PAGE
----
There may be early signs of Parkinson’s that appear before tremor, balance and other mobility problems set in, Dr. Browner says. These can be subtle and include a decrease in voice volume, lessened sense of smell, vivid dreams, more constipation and smaller handwriting.

“Sometimes one of the first things people notice is a slower reaction time, which could affect their driving,” Dr. Browner says. This doesn’t mean someone who has just been diagnosed with Parkinson’s needs to stop driving immediately, but it’s good to pay attention as symptoms gradually progress, she adds.

“There’s a high suspicion that by the time a doctor sees symptoms in a patient, the Parkinson’s has been around 5 to 10 years,” Dr. Browner says.

Many symptoms of Parkinson’s are common with other diseases and conditions, she says, which makes diagnosing it in the early stages harder.

“We certainly don’t want to tell every patient who has constipation or a poor sense of smell that they might have Parkinson’s,” she says. “At this time, we do not have interventions to lower the risk of Parkinson’s, and there’s a chance they won’t develop the disease. Right now, we look for a combination of movement symptoms to make the diagnosis.”

The latest criteria for considering a Parkinson’s disease diagnosis start with slowness of movement (bradykinesia) and one or more of these symptoms:

  • Shaking or tremor in a limb that occurs while the limb is at rest.
  • Stiff or rigid arms, legs or trunk of the body.
  • Trouble with balance and falling.

A primary care physician is usually the first to detect symptoms. They will often refer a patient to a neurologist for a more definitive diagnosis and treatment. Movement disorder specialists are neurologists with special training in assessing and treating Parkinson’s and other disorders, and they are commonly consulted to provide specialized care for patients.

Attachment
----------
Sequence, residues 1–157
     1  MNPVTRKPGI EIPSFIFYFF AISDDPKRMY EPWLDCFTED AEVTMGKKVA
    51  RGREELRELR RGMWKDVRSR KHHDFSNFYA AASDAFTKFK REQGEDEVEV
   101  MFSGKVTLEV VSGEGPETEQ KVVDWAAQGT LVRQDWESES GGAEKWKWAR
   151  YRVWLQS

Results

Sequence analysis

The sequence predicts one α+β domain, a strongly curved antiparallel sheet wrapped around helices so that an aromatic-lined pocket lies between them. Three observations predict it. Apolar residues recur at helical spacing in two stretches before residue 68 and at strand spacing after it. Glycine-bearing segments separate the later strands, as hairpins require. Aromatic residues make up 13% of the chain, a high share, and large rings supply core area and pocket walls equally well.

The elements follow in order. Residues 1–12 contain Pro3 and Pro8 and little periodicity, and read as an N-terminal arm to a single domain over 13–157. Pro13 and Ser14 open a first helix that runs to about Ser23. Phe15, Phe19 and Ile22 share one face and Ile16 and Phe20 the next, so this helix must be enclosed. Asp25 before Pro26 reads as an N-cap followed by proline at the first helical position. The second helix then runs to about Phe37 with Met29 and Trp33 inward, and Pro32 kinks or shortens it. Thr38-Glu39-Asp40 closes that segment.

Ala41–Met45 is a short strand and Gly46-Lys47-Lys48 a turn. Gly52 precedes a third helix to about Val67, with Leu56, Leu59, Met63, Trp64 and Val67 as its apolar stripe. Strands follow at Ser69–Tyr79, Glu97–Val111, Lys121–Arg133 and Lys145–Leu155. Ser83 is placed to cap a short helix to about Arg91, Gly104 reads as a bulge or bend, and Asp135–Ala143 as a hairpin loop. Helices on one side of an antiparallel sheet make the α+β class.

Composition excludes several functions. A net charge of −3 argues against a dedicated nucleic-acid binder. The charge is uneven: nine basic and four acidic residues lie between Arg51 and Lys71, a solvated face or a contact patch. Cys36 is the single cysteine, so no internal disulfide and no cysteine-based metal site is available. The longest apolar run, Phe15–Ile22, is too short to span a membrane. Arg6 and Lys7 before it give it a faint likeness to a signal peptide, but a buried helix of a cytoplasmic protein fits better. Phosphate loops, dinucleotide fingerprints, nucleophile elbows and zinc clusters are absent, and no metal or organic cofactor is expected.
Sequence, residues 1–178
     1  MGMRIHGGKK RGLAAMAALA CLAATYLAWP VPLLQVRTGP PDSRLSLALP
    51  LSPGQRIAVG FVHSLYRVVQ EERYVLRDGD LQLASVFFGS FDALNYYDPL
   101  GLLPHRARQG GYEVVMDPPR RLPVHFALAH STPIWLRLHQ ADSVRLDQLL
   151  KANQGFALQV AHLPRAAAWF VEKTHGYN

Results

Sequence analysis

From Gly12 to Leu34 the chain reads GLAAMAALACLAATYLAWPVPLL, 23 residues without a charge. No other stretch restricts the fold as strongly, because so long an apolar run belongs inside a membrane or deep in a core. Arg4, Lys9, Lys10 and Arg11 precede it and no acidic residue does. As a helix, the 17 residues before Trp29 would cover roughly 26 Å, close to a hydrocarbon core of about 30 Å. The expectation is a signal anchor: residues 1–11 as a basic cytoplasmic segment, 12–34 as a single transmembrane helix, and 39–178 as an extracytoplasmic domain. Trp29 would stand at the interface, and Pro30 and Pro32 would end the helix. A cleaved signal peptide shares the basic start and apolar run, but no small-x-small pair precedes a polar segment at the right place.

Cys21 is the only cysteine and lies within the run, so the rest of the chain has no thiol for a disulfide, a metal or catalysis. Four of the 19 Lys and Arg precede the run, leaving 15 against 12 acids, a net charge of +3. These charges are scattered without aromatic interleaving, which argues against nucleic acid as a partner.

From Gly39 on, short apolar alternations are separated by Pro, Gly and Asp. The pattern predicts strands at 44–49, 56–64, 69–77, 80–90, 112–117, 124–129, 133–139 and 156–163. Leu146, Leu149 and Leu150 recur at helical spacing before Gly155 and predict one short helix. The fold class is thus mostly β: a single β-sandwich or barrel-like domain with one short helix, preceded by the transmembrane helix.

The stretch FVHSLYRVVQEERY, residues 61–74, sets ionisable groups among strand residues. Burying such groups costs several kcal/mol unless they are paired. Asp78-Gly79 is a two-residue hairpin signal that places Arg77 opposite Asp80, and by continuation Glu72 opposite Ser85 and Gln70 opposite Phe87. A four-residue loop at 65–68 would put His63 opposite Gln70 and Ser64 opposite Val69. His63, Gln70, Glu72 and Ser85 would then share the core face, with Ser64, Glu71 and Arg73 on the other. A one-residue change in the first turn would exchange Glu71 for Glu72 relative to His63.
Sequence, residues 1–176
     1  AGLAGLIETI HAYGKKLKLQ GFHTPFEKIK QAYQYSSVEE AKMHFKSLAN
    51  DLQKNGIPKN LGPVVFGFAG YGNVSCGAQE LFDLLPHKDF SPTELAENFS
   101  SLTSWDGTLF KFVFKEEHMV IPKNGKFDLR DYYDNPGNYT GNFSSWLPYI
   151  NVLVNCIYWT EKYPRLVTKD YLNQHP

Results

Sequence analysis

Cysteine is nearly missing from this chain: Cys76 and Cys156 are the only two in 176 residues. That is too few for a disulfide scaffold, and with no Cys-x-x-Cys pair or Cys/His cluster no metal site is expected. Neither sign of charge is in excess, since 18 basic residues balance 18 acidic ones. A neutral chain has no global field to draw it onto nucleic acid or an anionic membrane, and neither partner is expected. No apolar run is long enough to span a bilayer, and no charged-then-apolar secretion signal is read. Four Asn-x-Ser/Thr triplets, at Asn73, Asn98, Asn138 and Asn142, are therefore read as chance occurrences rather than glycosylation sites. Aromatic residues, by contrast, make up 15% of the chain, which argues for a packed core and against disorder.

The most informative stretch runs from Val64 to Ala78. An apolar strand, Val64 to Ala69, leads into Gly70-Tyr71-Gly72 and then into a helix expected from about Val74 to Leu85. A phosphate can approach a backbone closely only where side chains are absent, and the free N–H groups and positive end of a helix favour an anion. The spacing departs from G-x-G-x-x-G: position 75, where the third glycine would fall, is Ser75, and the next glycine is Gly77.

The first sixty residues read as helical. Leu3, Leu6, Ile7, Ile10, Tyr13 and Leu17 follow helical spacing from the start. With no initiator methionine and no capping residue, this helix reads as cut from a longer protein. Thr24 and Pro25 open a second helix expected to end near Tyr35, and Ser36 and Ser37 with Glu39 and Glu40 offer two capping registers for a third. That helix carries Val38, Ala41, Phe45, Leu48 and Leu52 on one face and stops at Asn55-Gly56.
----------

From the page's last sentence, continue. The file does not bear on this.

Treating Parkinson’s Disease

Right now, there is no cure for Parkinson’s disease. And because each patient’s symptoms vary, there’s no single standard treatment. However, doctors commonly start patients on medicines that either help replenish dopamine or mimic the action of dopamine. Patients may take medications to target specific problems, such as to improve movements, mood or sleep.

Because the disease is progressive, patients need to work with their doctors and medical care team to adjust treatment over time.

Exercise, especially when started early in the disease, can help slow down the decline of motor functions, including balance, mobility and ability to do activities of daily living. Exercise can also help ease depression and improve sleep.

Good nutrition is important for overall health, as is building the right care team, Dr. Browner says.

“You want to have a neurologist in your corner—if possible, a movement disorder specialist,” she says. “As your disease progresses, you will need others, too.”

All patients will benefit from occupational, speech or physical therapy, she says. A mental health provider may be helpful to coach you through living with a chronic illness.

Living with Parkinson’s Disease

If you or a loved one is diagnosed with Parkinson’s disease, rely on your care team for guidance and resources.

“The diagnosis affects the whole family,” Dr. Browner says.

Your symptoms may progress slowly and change with time, so it’s important to understand your disease and know what resources are available to you, including locally.

Dr. Browner advises people with Parkinson’s to focus on what they can do, rather than what they can’t, and to stay optimistic whenever possible.

“Research for new treatments is ongoing,” she says, “and we’re always hopeful.”

If you have questions about your health or your risk for chronic diseases, talk to your doctor or find one near you.